National 529 Day: Comparing college costs, then versus now

College costs are on the rise, but a 529 plan can help you be ready for the future

National 529 Day: Comparing college costs, then versus now

Time to read: 2 min

The month of May is filled with celebrations: Mother’s Day, Memorial Day, graduations — and of course, one of my personal favorites: National 529 College Savings Plan Day. Held each May on the 29th (of course), the holiday was originally created to raise awareness of the benefits of 529 plans and the importance of saving for a college education. If you ask me, it’s more than appropriate that this holiday is celebrated in May; after all, you never know how much college costs may rise in the future.

A lot has changed over the years …

From tuition to room and board, college costs have risen steadily over the years, and there’s no sign of a slowdown anytime soon.

Consider this: In 1985, the average cost to attend a four-year public university was just $6,144.1 By 1995, that number had jumped to $27,667,1 and there’s no end in sight. Two years from now, we expect the cost of public school tuition to reach $97,061 — and by 2037, that figure is projected to hit a whopping $222,466.2

The costs of a private school education are even greater. The average tuition for a four-year private university in 1985 was $29,496.1 Fast-forward 35 years, and the class of 2020 will pay an estimated $191,090 for four years of private school. By 2037, that diploma will come with a projected $437,982 price tag.2

Of course, tuition isn’t the only college expense on the rise. In 1985, annual room and board ranged from $2,610 at a public university to $3,660 at a private university.1 Today, the average cost of room and board can be anywhere from $10,800 at a public school to $12,000 or more at a private school.3

Even all-nighters are getting more expensive! In 1985, the cost of a cup of coffee was just $1.23.4 Today, a single latte costs a least four times as much.

Clearly, it’s never been more important to start saving early for a child’s college education. I believe a 529 plan offers several distinct advantages over other college savings programs:

  • Tax-free savings. 529 plan contributions grow tax-deferred, and withdrawals are tax-free as long as they’re used for toward qualified educational expenses (no, the latte doesn’t count).5
  • No income limitations. Unlike other college savings plans, 529 plans have no income limitations on contributions. What’s more, contribution maximums are significantly higher for 529 plans than other types of plans, making them a popular choice for grandparents looking to leave a legacy.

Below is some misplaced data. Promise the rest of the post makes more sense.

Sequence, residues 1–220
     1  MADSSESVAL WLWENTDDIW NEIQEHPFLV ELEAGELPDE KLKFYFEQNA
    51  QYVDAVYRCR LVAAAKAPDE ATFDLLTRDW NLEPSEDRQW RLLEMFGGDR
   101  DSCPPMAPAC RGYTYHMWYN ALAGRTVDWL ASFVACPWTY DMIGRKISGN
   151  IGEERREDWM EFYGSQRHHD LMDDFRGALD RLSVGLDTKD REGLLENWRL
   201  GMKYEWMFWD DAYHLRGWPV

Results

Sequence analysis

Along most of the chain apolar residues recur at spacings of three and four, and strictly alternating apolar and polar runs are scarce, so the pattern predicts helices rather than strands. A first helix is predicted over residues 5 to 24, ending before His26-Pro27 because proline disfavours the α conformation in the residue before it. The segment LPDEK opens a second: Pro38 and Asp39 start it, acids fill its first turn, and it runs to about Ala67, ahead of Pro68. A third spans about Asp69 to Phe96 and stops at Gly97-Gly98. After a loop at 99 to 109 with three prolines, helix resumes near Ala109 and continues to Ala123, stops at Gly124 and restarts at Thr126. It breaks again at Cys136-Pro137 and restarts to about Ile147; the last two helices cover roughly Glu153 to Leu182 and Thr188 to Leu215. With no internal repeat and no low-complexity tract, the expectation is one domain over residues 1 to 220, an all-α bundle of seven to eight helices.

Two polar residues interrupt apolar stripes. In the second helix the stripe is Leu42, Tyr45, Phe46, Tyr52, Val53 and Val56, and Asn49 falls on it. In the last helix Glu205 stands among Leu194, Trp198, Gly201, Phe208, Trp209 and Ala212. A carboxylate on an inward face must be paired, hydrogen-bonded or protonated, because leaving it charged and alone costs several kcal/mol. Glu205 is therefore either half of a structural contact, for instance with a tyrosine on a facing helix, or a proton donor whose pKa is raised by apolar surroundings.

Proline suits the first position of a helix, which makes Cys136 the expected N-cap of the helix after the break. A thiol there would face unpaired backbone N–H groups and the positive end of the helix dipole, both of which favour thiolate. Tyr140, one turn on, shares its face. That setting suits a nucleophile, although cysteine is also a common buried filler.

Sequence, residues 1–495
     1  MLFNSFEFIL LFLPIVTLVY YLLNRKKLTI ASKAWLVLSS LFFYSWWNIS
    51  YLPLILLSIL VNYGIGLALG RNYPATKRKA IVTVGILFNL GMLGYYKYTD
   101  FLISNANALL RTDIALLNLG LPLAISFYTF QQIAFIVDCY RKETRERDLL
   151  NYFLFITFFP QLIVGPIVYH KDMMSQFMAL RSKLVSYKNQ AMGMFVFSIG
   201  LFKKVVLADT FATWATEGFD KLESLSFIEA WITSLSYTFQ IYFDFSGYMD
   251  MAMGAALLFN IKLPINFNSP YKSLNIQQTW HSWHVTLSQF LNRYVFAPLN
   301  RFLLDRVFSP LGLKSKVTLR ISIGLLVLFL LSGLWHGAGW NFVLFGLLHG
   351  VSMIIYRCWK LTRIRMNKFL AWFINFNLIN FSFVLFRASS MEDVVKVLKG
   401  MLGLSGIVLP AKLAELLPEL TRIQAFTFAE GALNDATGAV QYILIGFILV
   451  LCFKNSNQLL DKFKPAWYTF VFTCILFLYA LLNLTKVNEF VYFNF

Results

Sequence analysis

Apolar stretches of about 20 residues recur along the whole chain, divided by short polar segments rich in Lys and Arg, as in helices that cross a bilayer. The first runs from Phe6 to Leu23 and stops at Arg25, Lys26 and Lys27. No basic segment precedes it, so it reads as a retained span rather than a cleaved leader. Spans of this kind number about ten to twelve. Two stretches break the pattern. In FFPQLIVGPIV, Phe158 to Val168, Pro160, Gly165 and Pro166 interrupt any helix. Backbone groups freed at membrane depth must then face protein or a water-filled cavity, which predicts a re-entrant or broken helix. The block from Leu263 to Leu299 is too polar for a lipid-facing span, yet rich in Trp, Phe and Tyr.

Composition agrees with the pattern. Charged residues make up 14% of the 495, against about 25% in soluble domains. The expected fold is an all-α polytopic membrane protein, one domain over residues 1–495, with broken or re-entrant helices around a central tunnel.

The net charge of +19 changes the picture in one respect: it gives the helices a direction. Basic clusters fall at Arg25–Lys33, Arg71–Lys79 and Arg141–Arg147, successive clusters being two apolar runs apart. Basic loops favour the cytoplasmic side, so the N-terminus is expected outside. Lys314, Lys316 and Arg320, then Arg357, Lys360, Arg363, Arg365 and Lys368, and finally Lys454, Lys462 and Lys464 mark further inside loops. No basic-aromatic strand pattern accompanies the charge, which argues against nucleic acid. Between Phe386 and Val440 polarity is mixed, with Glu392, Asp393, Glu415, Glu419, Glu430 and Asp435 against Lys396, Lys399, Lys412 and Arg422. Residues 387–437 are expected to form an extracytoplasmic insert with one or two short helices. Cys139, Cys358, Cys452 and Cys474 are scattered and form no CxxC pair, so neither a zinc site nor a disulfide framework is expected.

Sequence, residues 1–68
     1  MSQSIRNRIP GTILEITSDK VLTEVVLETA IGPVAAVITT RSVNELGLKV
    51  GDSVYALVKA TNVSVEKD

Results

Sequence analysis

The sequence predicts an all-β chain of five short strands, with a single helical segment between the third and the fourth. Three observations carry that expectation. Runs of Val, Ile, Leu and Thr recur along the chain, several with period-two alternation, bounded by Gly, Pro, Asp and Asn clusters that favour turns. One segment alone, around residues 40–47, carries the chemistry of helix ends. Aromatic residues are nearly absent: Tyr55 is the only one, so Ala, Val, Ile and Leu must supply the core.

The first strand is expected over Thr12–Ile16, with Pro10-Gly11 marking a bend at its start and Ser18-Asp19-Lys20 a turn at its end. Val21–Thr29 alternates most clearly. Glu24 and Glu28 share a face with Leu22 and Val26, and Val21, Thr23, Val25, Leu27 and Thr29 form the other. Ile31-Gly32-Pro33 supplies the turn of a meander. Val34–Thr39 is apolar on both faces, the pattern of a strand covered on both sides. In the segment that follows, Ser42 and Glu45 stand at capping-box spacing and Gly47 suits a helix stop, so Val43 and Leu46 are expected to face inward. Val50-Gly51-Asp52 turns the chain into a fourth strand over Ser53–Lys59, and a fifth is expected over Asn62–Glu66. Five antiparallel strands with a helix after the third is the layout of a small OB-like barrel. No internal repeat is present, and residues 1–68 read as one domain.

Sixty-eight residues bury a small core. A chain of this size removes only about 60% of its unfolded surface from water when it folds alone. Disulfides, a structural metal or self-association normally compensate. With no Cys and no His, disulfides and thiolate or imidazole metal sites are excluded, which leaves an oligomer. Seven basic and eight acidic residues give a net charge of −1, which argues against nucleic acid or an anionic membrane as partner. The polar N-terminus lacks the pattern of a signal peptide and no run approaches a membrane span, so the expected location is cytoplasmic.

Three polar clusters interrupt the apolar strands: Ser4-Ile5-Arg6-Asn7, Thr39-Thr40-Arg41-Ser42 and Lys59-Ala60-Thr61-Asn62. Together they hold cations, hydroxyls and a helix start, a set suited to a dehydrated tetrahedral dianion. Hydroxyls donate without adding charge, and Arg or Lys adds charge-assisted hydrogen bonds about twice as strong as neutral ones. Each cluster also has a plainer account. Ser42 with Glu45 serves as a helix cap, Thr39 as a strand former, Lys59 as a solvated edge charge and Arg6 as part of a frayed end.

• Asset control. Another difference between 529 plans and other college savings plans is that the account owner maintains control over the assets. The beneficiary may only apply those funds toward qualified expenses, meaning all assets will go toward the intended purpose — a higher education.
  • Multiple investment options. 529 plans offer access to a wide variety of asset classes. Within those asset classes, account owners can choose different strategies tailored to their individual timelines and risk tolerance, or choose an age-based or target-risk portfolio which automatically rebalances investments based on the beneficiary’s age.

Key takeaway

There’s no way to keep college costs from rising, but by planning ahead for higher education expenses, a family can take full advantage of the power of compound savings over time. Celebrate National 529 College Savings Plan Day by talking to your financial advisor, or visiting, to learn more about saving for the future with a 529 plan.

Read more expert views on college savings plans.

Important information

Blog header image: ESB Professional/

1 Source: National Center for Education Statistics, “Average undergraduate tuition and fees and room and board rates charged for full-time students in degree-granting institutions, by type and control of institution: 1964-65 through 2006-07.” Data retrieved June 6, 2016.

2 As of June 6, 2016, assuming a four-year, public, in-state school with a 5% tuition rate, one year until college and eighteen years until college using pay-for-college-costs calculator.

3 Source: CollegeData, “What’s the price tag for a college education?”

4 Source: Go Banking Rates, “The price of coffee the year you were born”

5 Earnings on non-qualified withdrawals may be subject to federal income tax and a 10% federal penalty tax, as well as state and local income taxes. Tax and other benefits are contingent on meeting other requirements and certain withdrawals are subject to federal, state, and local taxes.

For more information, refer to Internal Revenue Service Publication 970.

Thomas Rowley

Director, Retirement and Education Strategies

Thomas Rowley is director of retirement and education strategies and one of Invesco’s most frequently requested speakers. He provides analysis of the evolving retirement landscape and develops actionable strategies to help investors and financial advisors maximize their retirement-planning opportunities. Mr. Rowley regularly shares his insights online at in addition to his speaking engagements.

Mr. Rowley’s insights reflect more than 20 years of experience in the investment industry. He translates his comprehensive knowledge of retirement planning into lively, clear explanations of the complexities of legislative, investing, tax and social issues.

Mr. Rowley shares his analyses of retirement-related issues through regular personal appearances, continuing education webinars and Web-based commentaries.

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